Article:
What to do about a hazardous waste dump is a problem for any city. But when the ''dump'' is your harbor and your city has the largest fishing fleet on the East Coast, the problem becomes crucial.
New Bedford, Mass., has that problem.
At the bottom of this proud and historic city's harbor are more than 100 tons of PCBs (polychlorinated biphenyls) -- put there over the years by its own industries and, for the moment, judged too dangerous and expensive to clean up.
But for a massive hurricane barrier erected across most of the mouth of New Bedford Harbor by the US Army Corps of Engineers, some are concerned that the PCB-laden sediment might now be escaping toward the rich Georges Bank fishing grounds 100 miles away.
State environmental officials estimate the cost of safely dredging and disposing of the sediment could run as high as $130 million to $150 million.
Thus, New Bedford bears the unwanted distinction of having the No. 1 pollution problem in Massachusetts and, by designation of the federal Environmental Protection Agency (EPA), one of the worst in the United States.
Other areas have more dense concentrations of PCBs in their water and soil, but in no other case is the problem as complicated as it is here, according to a report by environmental engineer Grant Weaver for the Massachusetts Office of Coastal Zone Management.
As long as the problem remains, state officials say it poses a major potential threat to public health. Moreover, in some respects the city's economic future is almost literally stuck in the mud because of it. With the local unemployment rate approaching 14 percent, the area is one of the most depressed in New England.
Routine dredging of the harbor, which is home to the largest commercial fishing fleet on the East Coast, cannot begin for fear of stirring up and spreading the wastes. Replacement of an aging and undersized bridge that blocks profitable new activity at a shipping terminal also has had to be postponed. And local lobstermen claim they've lost half a million dollars since the harbor was closed to them in 1979. They now are forced to take their boats well out to sea, where the risks and expenses are greater and the returns generally smaller than they are close to land.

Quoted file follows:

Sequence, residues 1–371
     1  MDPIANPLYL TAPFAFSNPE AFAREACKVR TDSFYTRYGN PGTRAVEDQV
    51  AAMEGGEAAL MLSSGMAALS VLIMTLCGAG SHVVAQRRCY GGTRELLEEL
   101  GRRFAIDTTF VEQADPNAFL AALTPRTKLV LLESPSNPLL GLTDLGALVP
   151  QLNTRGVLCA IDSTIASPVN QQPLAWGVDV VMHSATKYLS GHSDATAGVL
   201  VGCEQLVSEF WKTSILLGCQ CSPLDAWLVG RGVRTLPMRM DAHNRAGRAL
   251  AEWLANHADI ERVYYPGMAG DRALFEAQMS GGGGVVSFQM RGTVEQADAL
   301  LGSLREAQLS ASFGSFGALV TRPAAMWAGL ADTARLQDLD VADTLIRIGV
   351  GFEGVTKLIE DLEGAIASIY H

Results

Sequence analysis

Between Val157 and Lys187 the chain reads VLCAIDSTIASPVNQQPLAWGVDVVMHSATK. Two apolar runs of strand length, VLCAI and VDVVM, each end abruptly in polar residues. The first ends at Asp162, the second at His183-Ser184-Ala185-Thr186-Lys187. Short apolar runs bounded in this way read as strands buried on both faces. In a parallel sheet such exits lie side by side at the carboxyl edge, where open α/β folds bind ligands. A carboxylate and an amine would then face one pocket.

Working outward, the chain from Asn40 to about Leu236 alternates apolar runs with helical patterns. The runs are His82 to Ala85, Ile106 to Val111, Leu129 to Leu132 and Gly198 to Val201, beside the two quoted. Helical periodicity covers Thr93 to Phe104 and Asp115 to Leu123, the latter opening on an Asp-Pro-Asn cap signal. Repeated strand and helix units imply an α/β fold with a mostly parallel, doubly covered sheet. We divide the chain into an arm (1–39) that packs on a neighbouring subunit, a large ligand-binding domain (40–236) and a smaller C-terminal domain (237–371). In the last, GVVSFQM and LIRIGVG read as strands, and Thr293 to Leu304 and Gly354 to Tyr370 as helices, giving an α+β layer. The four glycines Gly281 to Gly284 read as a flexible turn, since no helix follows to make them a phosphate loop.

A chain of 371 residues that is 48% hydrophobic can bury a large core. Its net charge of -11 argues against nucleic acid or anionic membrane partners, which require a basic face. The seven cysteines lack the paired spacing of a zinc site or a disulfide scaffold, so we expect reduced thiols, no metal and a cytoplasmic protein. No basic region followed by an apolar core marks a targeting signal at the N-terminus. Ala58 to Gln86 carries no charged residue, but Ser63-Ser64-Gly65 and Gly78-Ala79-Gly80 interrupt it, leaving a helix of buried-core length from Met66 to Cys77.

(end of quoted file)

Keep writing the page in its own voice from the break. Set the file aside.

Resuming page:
But there are signs that this city of 98,000 people may yet be able to extricate itself from its predicament. Late last month the EPA added New Bedford to its list of sites eligible for assistance under the $1.6 billion ''superfund'' to clean up hazardous wastes. The EPA already is studying how to handle the contamination.
Last May, Gov. Edward J. King (D) appointed a state commission to recommend procedures for cleaning up the mess and identify possible sources of financing. Its final report is expected late next month. The governor also is seeking legislation to establish the state equivalent of the EPA superfund, which could help meet the costs of cleanup here.
The state Department of Environmental Quality Engineering (DEQE) also plans to spend 12 to 18 months and as much as $2 million to study the New Bedford problem.
Meanwhile, there is a sense of anticipation here since a long-awaited environmental impact study on the proposed replacement bridge is due to be released at a public meeting Sept. 9. Construction may still be years away, but local merchants are particularly eager to see a new span in place. And new tenants at the shipping terminal could translate into up to $1 million a year in lease and tax revenues for the city.
One of those pleased with the recent course of developments is US Rep. Gerry Studds (D) who represents New Bedford in Congress. ''While it is with some reluctance that we must accept the apparent severity of the contamination, the superfund listing is an extremely encouraging development,'' he says.
Thomas McLoughlin, deputy commissioner of the DEQE, calls the task of cleaning up and disposing of the contaminated sediment ''a monumental problem'' -- but not an insoluble one.
More than likely, the dredging will be limited to ''hot spots'' around the harbor where contamination is particularly severe. A floating, computerized, Swedish-made device known as ''Sludge Monster'' is one option under study for dredging. It is capable of sucking sediment from the harbor floor and piping it to the surface without risking further spread. Even hot-spot dredging, however, could cost $40 million and take five years to complete, DEQE officials say.